Ruby Weekly News 3rd - 9th January 2005

Discussion in 'Ruby' started by Tim Sutherland, Jan 12, 2005.

  1. http://www.rubygarden.org/ruby?RubyNews/2005-01-03

    Ruby Weekly News 3rd - 9th January 2005
    ---------------------------------------

    A summary of the week's activity on the ruby-talk mailing list / the
    comp.lang.ruby newsgroup. This summary is brought to you by Tim Sutherland
    (TimSuth).

    Articles and Announcements
    --------------------------

    * [Deadline extended for Codefest Grant program]

    David A. Black announced:

    "The deadline for the Ruby Central Codefest Grant Program is being
    extended to January 30 (instead of January 15).

    There's been a lot of talk here over the years -- and quite recently
    -- about missing libraries. Well, that's why the grant program
    exists :) This is a good time to think concretely about how you
    might bring about a meeting and fill what you think is a gap.

    Keep in mind that grant money can be used for travel. This can make
    it easier for someone from another area to participate in the project."

    * [RedHanded]

    This isn't a specific "article or announcement" but
    whytheluckystiff has been making many interesting posts to his
    blog RedHanded. It's definitely worth checking out and is updated
    regularly (multiple posts per day at the moment!) Posts include
    ideas on grants for the Ruby Central Codefest Grant Program
    discussed above.

    Threads
    -------

    Interesting threads this week included:

    [Need an extra EAAAAAAAAAAAAAAAAAAASY GUI for Ruby]
    ---------------------------------------------------

    Victor Reyes wanted a way of creating a GUI for Ruby using a simple
    drag-and-drop interface, rather than by writing code. This is similar to a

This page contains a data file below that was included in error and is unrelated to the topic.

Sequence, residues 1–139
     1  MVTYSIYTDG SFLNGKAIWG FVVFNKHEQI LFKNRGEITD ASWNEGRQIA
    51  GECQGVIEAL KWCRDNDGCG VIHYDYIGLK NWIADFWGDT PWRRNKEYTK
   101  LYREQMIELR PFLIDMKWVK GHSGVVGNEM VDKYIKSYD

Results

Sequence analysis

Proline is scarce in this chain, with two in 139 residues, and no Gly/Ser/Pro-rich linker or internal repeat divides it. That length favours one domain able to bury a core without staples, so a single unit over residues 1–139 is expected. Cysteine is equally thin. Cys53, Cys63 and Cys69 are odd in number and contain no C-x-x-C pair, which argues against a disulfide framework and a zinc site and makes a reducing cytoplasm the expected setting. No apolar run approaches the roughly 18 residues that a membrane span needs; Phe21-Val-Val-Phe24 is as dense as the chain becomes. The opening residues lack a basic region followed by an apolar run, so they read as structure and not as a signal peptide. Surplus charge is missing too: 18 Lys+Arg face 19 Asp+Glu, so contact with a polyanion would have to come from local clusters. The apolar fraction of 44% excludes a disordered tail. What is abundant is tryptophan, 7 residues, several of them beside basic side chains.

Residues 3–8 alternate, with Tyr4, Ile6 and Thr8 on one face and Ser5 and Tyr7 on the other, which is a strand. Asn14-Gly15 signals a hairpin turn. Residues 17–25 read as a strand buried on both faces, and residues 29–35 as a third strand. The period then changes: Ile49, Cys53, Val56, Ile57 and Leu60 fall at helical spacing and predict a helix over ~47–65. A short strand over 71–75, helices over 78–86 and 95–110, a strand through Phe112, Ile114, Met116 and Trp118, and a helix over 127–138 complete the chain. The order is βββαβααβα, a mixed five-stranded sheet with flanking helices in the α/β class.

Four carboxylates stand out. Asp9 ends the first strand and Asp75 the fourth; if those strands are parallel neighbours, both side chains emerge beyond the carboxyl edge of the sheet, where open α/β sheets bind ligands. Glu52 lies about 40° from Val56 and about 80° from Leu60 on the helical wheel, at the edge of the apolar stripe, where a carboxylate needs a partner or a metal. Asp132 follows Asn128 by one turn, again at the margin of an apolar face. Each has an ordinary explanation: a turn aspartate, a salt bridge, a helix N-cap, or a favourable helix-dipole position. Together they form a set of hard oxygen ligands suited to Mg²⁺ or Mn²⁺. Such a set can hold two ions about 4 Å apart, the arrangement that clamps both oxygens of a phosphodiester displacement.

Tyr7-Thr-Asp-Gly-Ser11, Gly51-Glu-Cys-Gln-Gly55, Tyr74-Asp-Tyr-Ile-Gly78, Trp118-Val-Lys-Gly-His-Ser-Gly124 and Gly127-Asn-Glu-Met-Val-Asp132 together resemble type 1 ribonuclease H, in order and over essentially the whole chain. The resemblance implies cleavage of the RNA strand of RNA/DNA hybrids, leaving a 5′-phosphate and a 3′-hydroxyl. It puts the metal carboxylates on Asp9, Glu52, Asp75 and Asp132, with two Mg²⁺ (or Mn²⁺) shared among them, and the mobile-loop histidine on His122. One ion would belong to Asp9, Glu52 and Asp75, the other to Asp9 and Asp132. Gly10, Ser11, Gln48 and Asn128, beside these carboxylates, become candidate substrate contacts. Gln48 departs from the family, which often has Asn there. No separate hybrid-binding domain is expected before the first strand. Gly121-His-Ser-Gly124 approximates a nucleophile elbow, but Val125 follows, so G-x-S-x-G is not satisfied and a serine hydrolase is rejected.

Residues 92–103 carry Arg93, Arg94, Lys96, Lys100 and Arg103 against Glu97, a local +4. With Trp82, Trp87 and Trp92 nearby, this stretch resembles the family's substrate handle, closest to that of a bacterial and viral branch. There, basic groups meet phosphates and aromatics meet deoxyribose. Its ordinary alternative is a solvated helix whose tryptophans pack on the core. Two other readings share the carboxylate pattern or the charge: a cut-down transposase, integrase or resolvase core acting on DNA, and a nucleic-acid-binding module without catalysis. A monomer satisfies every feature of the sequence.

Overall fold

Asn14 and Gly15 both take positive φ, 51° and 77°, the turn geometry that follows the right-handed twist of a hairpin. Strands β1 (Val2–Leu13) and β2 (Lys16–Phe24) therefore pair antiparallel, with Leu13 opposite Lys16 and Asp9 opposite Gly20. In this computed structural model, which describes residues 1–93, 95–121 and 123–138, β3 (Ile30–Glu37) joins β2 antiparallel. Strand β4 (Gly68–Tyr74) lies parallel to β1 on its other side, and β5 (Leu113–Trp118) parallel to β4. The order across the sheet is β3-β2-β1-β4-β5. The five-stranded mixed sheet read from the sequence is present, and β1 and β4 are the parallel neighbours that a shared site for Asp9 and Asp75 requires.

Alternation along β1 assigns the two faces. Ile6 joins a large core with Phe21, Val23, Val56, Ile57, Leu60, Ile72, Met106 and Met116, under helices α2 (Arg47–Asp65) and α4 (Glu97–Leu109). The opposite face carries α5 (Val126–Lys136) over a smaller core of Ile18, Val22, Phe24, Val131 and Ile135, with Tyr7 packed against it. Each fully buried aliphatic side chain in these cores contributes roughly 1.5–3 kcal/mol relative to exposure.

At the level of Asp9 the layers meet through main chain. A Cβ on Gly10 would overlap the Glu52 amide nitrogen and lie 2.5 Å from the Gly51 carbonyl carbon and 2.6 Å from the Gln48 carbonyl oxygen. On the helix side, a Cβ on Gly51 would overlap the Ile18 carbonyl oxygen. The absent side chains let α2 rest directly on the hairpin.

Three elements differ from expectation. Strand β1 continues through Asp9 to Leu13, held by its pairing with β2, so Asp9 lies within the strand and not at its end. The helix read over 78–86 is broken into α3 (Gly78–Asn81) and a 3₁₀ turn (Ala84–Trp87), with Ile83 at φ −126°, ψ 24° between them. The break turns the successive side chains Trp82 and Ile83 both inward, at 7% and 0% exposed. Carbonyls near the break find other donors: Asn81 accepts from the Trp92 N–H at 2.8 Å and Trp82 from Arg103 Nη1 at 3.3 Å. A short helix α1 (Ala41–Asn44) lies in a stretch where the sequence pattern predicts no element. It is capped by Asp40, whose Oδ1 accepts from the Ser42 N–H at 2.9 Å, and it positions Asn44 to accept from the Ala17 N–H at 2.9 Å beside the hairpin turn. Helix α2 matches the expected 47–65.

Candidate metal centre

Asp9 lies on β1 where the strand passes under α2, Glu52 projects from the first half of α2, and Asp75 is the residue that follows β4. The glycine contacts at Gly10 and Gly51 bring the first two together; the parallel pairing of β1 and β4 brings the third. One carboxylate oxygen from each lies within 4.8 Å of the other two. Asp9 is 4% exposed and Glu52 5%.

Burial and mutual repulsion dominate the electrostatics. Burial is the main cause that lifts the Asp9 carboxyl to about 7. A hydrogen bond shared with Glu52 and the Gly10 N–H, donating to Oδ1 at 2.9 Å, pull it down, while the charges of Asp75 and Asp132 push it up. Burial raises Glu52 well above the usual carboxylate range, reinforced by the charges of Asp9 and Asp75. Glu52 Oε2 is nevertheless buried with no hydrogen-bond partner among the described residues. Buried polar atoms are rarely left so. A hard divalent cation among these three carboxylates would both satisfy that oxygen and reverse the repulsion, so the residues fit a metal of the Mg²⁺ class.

thread covered last week [GUI toolkit which separates UI specification
    from driving logic].

    Henrik Ronellenfitsch pointed out the [Ruby/GTK2-Bindings] and the Glade
    GUI Designer. Glade can output an XML file representing the GUI which is
    then loaded by the Ruby program.

    Florian Gross said:

    "There's visualWx which can create Ruby code representing a wxWidgets
    GUI. It's still in development and a bit rough on the edges, but it
    already looks very promising: http://visualwx.altervista.org/"

    The Ruby binding for [WxWidgets] also supports XRC, which is the XML
    format outputted by many wxWidgets GUI designer tools.

    Richard Dale wrote:

    "QtRuby/Korundum can be used with Qt Designer to design the GUI for Qt and
    KDE apps. You can then either generate ruby code from the .ui files
    produced with the rbuic tool, or read the UI in at runtime with the 'qui'
    extension. Qt Designer support is integrated with ruby projects in the next
    version of the KDevelop IDE."

    Shashank Date added that there is FormDesigner for VisualuRuby (a GUI
    system for Windows only).

    Victor concluded "I guess I have many choices to play with" and
    Electricmew added another, suggesting [WideStudio].

    [ruby-dev summary 25261-25372]
    ------------------------------

    Minero Aoki posted the latest summary of the Japanese mailing list
    ruby-dev.

    "Tanaka Akira posted a patch to record GC-related information: